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UK-based artist Julie Alice Chappell has chosen an unusual medium for her sculptures – discarded electronics. She tears out circuit boards and other components from broken devices, and converts them into delicate insect figurines.

Artist turns old circuit boards and electronic components into beautiful winged insects

Julie’s introduction to the unique art form occurred several years ago, when she happened to find a big box of tiny electronic components at ‘The Craft Bank’, in Portsmouth, UK. “The first thing that came into my head when I looked at them was, ‘a mass of tiny bodies and legs… ants!’ I took them home to my children and we made ants.”

The box lay forgotten for a few years after that, only to be discovered again when Julie was pursuing a Fine Arts degree. That’s when her interest in discarded electronic components was rekindled. She happened to meet a few young artists who were using computer circuit boards to create a life-size robot. They eventually abandoned their project, and Julie took the circuit boards home.

She found the boards visually appealing, and began to mull over ideas to make use of them. She thought about the ants she had made with her kids all those years ago. And while she was watching a TV show on insects, the idea finally fell into place. She began cutting up the circuit boards to create sculptures of various bugs and insects.

Julie proceeded to create a “museum style entomologist’s cabinet of dioramas, drawers and trays filled with pinned bugs and butterflies.” Her collection has grown in “size and complexity” and is “constantly evolving as new inspiration is triggered by new finds.”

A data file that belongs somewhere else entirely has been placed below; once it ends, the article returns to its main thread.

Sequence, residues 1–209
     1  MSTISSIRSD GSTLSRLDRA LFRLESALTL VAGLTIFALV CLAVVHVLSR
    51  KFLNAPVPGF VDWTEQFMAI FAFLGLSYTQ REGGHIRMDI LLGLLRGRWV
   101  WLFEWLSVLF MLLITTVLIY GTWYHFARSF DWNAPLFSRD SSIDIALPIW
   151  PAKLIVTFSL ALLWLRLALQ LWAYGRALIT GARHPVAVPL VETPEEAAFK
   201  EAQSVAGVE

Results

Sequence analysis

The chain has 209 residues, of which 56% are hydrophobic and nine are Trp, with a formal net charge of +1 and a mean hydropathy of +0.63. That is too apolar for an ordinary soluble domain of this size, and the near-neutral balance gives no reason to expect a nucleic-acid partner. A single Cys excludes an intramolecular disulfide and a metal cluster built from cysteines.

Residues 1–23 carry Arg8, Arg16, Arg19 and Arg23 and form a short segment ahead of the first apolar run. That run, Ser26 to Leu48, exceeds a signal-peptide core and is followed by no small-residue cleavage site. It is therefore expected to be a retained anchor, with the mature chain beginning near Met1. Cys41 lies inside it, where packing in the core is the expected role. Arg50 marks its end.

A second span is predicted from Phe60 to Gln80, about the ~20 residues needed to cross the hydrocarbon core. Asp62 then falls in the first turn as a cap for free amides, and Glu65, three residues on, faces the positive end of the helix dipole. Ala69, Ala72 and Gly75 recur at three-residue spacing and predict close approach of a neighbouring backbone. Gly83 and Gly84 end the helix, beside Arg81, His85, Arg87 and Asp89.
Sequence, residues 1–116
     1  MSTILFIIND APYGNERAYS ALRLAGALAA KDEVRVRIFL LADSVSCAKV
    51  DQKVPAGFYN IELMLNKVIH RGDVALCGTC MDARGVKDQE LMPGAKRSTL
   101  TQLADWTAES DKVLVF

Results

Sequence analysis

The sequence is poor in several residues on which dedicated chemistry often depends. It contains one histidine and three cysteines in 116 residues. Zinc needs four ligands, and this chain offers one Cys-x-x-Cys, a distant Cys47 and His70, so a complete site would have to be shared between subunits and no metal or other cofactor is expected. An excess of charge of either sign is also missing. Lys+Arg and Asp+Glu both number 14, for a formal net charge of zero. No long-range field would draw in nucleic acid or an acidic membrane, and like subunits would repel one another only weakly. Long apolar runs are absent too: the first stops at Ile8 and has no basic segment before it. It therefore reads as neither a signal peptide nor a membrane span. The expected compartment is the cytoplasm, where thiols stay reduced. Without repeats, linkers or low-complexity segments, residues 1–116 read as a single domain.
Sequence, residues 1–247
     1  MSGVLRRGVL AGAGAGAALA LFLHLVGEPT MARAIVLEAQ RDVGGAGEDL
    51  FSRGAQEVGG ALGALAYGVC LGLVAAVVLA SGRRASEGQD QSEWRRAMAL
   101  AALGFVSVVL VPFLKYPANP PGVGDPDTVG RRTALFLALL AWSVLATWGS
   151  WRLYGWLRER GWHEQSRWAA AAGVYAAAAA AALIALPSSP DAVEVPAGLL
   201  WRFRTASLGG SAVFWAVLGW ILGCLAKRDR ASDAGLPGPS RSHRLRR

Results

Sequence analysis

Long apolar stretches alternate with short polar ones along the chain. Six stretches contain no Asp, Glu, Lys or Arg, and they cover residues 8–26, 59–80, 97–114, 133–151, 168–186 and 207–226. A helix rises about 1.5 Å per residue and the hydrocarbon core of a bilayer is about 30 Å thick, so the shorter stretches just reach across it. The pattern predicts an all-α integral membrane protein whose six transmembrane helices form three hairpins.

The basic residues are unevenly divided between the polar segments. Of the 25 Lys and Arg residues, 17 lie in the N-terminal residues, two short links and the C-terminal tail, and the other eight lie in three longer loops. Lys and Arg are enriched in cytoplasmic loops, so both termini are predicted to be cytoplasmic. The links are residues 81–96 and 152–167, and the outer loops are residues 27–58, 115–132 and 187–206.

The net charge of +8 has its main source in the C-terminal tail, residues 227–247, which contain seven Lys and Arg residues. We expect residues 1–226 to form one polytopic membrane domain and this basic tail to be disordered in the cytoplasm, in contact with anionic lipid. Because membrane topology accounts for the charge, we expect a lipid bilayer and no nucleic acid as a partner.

“My art practice involves breaking down the pre-existing materials, reinterpreting them, and offering them a new form with new purpose, creating something beautiful, whimsical, and precious,” Julie explained. “With all their tiny components, complex circuitry and bright metallic colours I cannot help but compare them to the detailed patterns we see when we look at nature up close. I view the miniature circuit boards with the same curiosity and amazement as I view the natural world.”

Her project, titled Computer Component Bugs, is aimed at increasing awareness about environmental waste. “The recycled bits of cultural refuse that are woven throughout my work represent a direct encounter with the excesses of modern living, highlighting the dangers of planned obsolescence and e-waste in the environment,” Julie said. “The work displays an aesthetic beauty whilst offering a socio-political discourse, attempting to reclaim waste and the destruction of the natural world, in the beauty of visual art.”

“They are my personal tribute to the wonders of modern technologies, the decades of knowledge and passion passed down which led us to them, with all their elegance and ingenuity encompassing the incredible technological aptitude and the imagination, talent and beautiful creativity of the human race.”

If you’re interested in Julie’s work, you could check out her full range of creations on her Etsy page. Her pieces seem to be sold out at the moment, though.

For more man-made insects, have a look at Mike Libby’s steampunk bugs, Tom Hardwidge’s ‘Arthrobots’ or the mechanical creepy-crawlies of jeweler JM Gershenson-Gates.

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